Big Book/12-Step Study - The Ranch

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Big Book/12-Step Study

We are 12-step based and strongly believe in the support, sense of community and purpose this approach provides people in recovery. We offer regular studies from the Big Book and 12-step support groups. Some mornings begin with counselor-facilitated 12-step work or Big Book work. Many of our staff are in recovery and serve as a living example of the 12 steps. This approach is integrated into everything we do at The Ranch drug rehabs.

The first 12-step program started with Alcoholics Anonymous (AA) in the late 1930s. This approach has expanded to encompass a wide range of addictive and destructive behaviors. A core component is the AA Big Book, which includes the core principles and personal stories of those who found recovery in the program.

Addiction and mental illness are inherently isolating diseases, so many people deny they have a problem and/or struggle with it on their own. The basic concept behind 12-step programs is to make people feel stronger in the company of others with similar problems. The 12-step approach is just one option in the treatment continuum along with psychotherapy, medications, psychoeducation, alternative support groups, and alternative/complementary approaches.

How Big Book/12-Step Study Helps

Twelve-step study provides clients with an important social network that supports recovery. The approach emphasizes the powerful compulsive nature of addiction and the importance of harnessing personal responsibility without passing judgment. Twelve-step programs work best when the philosophy is integrated with other therapeutic modalities. Even though the core principles are the same, 12-step work can be approached in many creative ways, which can boost adherence to treatment and a client’s commitment to sobriety.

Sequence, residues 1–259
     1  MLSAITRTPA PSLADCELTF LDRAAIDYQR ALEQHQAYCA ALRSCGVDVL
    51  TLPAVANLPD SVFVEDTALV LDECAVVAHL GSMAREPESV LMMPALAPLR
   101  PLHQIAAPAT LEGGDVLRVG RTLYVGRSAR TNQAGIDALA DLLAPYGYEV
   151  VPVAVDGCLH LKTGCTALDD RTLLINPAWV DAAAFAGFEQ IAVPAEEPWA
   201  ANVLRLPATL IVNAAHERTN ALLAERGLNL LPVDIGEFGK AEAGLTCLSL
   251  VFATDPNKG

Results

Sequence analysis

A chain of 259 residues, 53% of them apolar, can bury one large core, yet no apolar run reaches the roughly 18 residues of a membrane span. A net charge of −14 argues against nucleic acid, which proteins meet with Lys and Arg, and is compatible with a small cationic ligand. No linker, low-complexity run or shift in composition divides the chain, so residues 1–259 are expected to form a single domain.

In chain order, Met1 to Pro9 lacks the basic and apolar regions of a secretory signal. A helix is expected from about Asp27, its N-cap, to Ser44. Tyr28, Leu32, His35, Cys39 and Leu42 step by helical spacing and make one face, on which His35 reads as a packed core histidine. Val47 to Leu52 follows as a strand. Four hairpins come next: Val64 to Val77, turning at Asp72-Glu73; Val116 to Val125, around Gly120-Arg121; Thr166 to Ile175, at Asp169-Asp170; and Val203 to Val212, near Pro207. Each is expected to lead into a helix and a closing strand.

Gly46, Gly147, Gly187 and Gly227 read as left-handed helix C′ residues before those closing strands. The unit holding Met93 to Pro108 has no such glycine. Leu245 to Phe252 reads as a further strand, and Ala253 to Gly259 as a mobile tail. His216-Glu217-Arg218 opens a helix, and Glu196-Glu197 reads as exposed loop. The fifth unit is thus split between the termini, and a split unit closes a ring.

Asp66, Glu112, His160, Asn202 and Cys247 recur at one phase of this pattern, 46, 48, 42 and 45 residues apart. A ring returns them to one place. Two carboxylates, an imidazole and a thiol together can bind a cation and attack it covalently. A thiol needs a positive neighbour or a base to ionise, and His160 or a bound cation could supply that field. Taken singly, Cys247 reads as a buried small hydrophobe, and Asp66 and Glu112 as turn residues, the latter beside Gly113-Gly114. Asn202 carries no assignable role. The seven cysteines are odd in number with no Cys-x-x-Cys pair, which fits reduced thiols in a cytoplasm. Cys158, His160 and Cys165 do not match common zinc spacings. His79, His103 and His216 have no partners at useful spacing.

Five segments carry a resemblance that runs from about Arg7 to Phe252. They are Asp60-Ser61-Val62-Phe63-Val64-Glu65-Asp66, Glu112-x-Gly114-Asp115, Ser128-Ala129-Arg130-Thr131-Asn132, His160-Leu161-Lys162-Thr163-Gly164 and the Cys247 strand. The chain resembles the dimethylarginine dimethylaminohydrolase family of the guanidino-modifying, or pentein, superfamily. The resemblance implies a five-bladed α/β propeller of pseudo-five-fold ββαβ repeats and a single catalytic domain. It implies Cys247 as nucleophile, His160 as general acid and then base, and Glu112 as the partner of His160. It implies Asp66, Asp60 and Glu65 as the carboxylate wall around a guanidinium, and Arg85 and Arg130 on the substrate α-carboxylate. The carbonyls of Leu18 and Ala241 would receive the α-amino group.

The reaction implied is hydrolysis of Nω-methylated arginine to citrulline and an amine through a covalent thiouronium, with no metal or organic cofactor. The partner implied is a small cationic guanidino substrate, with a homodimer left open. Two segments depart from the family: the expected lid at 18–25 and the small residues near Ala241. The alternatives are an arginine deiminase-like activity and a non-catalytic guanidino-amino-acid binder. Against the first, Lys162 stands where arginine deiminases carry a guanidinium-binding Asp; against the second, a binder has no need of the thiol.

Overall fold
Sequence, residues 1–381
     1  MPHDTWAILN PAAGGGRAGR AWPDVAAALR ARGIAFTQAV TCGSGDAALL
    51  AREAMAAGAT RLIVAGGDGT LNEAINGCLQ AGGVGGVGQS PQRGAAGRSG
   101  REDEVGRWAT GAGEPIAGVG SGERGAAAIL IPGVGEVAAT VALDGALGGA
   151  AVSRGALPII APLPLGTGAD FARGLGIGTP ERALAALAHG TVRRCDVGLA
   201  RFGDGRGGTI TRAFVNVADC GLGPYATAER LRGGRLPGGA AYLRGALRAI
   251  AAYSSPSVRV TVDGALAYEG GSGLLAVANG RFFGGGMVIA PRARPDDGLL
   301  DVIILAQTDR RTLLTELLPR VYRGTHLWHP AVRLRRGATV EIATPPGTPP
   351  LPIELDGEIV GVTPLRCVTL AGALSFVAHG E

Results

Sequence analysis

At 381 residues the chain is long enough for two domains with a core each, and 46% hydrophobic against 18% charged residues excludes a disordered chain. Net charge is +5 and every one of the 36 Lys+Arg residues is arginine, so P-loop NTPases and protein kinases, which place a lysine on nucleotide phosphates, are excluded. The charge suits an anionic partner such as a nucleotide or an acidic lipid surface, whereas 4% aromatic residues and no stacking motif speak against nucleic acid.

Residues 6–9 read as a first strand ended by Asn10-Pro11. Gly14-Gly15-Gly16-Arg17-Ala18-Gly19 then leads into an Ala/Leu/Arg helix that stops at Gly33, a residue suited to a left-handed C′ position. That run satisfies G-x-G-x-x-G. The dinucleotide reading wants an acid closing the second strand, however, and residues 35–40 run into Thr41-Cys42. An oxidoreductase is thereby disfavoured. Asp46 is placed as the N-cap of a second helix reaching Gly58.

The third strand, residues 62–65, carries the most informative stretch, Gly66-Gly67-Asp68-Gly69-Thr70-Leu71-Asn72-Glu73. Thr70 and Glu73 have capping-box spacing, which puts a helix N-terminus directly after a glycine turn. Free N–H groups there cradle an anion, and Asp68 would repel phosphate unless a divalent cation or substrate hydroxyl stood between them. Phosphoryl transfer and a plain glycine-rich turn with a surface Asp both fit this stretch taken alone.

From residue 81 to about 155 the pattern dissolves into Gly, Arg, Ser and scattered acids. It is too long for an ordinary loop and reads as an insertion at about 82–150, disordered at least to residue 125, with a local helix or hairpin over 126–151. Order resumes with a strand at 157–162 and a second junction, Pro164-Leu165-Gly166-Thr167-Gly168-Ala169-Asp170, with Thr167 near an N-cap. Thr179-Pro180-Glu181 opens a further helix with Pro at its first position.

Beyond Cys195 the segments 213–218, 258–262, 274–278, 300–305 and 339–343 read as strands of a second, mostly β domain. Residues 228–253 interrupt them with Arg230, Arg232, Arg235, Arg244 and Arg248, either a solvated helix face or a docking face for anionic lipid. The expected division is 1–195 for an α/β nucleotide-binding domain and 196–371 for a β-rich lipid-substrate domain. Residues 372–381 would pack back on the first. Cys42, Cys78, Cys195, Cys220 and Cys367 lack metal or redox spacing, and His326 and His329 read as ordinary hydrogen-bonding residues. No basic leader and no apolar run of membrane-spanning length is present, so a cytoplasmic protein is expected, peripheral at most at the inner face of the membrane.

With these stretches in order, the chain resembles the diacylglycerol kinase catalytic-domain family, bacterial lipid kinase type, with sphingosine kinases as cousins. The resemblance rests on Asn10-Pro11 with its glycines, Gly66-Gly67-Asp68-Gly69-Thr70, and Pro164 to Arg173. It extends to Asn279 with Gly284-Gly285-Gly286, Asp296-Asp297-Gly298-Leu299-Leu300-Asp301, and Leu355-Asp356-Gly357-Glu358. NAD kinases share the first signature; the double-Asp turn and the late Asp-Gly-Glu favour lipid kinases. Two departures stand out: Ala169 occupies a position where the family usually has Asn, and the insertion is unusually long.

Benefits of Big Book/12-Step Study

When cravings or triggers occur, the support of others who’ve been down the same road is invaluable. In this nonjudgmental, supportive setting, clients’ commitment to recovery is reinforced by the collective strength of the group. Hope and a sense of purpose begin to emerge and then flourish. Benefits include:

  • Shared experiences, strength and hope
  • Heightened spirituality
  • Greater empathy
  • Deeper self-insights
  • Improved coping skills
  • Improved self-esteem
  • Decreased feelings of shame
  • Enhanced sense of acceptance and belonging
  • Increased commitment to recovery
  • Reduced risk of relapse

Locations Offering Big Book/12-Step Study